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What is a juvenile life insurance policy?

Mother helping daughter (2yrs) put on coat

As a parent, you have a lot on your plate. You want to watch your kids grow and thrive while protecting them and their future. One way to do that is through life insurance—for both you and your children.

No parent wants to think about needing juvenile life insurance, but this type of coverage offers more than a death benefit in the event of the worst-case scenario. It's also a way to help provide future insurability, build cash value and lock in an affordable premium for the long term.

What is a juvenile life insurance policy?

Juvenile life insurance is a permanent policy purchased for a minor child, usually under the age of 16, by a parent, grandparent or guardian. These policies are a type of permanent life insurance that lasts for your child's lifetime and pays out a death benefit at any age as long as sufficient premiums are paid.

Depending on your needs, there are a few different options to explore:

  • Whole life insurance provides coverage for life as long as premiums are paid, and the premiums are locked (meaning your monthly payments won't go up over time) and offers a cash value component.
  • Universal life insurance also provides permanent coverage and potential cash value, yet may allow for more flexibility with premium payments.
  • Variable universal life insurance is another type of permanent life insurance with a potential cash value component yet has various investment options, which may benefit high-earners.

Many child life insurance policies are whole life insurance policies. As previously stated, whole life insurance provides coverage for life as long as the premiums are paid. The rates are also locked at the time of purchase.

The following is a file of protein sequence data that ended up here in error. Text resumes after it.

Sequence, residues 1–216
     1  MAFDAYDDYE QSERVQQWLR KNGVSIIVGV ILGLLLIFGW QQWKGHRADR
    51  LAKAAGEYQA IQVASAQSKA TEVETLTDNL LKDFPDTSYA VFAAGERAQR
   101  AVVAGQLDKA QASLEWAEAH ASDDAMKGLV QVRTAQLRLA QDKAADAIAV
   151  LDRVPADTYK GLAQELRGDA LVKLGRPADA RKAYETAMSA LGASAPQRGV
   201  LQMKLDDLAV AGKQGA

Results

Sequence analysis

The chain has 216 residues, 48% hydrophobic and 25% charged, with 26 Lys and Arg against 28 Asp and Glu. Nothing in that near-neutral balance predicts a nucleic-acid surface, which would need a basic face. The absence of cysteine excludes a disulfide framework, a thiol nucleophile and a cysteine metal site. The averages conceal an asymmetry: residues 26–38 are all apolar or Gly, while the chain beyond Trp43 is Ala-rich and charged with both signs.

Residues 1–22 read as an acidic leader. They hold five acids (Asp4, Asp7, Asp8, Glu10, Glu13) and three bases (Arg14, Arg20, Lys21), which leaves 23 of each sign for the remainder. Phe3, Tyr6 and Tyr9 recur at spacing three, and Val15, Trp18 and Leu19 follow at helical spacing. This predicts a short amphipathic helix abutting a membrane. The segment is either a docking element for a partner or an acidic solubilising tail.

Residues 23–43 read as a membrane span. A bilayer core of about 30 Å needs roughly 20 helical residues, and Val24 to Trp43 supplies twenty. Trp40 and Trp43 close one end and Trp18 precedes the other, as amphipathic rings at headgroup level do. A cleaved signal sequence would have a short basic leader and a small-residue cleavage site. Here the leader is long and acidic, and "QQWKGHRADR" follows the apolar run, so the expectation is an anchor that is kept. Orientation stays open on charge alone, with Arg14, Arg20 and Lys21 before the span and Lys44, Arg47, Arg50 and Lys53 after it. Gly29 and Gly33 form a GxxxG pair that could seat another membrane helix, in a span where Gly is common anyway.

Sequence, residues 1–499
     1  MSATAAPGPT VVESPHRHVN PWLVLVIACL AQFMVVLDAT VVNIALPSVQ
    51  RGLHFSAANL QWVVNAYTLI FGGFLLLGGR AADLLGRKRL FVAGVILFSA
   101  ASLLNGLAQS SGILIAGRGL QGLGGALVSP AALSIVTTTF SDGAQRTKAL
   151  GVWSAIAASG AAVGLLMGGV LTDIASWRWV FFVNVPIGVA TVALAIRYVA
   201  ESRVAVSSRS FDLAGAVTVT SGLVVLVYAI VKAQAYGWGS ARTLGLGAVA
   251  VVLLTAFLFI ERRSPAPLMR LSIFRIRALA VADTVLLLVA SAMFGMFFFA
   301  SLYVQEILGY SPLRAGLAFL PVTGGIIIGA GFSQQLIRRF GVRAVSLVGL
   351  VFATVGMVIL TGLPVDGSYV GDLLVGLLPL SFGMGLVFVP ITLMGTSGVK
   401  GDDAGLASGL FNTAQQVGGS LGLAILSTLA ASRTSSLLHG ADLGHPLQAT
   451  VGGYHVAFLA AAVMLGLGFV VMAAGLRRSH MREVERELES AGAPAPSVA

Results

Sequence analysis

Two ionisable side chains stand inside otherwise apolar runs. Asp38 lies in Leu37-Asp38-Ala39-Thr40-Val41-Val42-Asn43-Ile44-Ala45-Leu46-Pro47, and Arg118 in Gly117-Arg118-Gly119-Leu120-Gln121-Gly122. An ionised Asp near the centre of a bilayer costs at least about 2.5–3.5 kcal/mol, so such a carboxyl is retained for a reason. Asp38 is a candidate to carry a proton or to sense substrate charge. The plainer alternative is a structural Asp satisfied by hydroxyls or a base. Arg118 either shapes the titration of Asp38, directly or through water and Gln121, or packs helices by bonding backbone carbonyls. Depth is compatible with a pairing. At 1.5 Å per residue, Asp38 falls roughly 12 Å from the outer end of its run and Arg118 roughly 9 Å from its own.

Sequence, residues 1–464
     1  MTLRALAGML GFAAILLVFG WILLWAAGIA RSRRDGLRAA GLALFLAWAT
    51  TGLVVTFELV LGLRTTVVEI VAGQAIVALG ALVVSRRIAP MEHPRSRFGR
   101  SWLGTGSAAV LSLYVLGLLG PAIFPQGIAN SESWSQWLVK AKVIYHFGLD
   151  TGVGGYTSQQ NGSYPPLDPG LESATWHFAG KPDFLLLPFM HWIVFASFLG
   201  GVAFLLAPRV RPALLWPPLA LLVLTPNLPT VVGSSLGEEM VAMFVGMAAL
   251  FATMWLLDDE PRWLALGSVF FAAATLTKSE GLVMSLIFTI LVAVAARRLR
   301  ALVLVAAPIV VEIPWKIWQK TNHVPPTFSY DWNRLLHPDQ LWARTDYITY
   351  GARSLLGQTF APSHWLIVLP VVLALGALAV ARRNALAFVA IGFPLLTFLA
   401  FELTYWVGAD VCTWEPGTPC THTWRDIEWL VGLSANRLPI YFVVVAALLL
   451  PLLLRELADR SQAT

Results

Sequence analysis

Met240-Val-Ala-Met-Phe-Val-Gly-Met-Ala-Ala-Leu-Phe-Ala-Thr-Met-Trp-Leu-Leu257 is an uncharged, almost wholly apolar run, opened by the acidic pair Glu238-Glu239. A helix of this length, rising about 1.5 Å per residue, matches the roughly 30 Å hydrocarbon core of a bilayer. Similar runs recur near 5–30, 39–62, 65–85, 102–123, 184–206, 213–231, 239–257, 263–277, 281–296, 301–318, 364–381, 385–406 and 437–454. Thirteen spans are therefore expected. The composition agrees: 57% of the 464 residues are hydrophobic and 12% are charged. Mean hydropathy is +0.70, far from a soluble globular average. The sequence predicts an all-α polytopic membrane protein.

Another benefit of whole life insurance is it builds cash value paid through your premium. Your premium is spread across three areas:

  • A portion to the death benefit
  • A portion to administration and fees
  • A portion to your policy's cash value

The insurance company takes this cash value amount and puts it into a conservative investment vehicle, so it has the potential to grow over time.

What are the benefits of juvenile life insurance?

For many parents, a couple of key benefits make whole life insurance for their children an attractive option:

Juvenile life insurance can offer coverage for life.

As long as premiums are paid and the contract retains its value, juvenile life insurance guarantees coverage for life. That may not seem like a big deal when your child is young and healthy. However, as people age, life insurance generally becomes more expensive. In addition, those who have pre-existing conditions or get sick may find it more challenging to get coverage. Then if they do, their premiums are typically more costly. So, this type of policy can ensure your child will have some form of life insurance regardless of their health later in life.

Cost of the policy stays the same.

The policy cost stays the same throughout the rest of your child's life. So, when they are 65 years old, the premium will be the same as it is right now while they're young. In addition, your child doesn't have to undergo any medical exams, as with many other types of coverage. Given that coverage is guaranteed as they age, they won't have to take any exams as they get older to keep this policy going.

Cash value component is a benefit.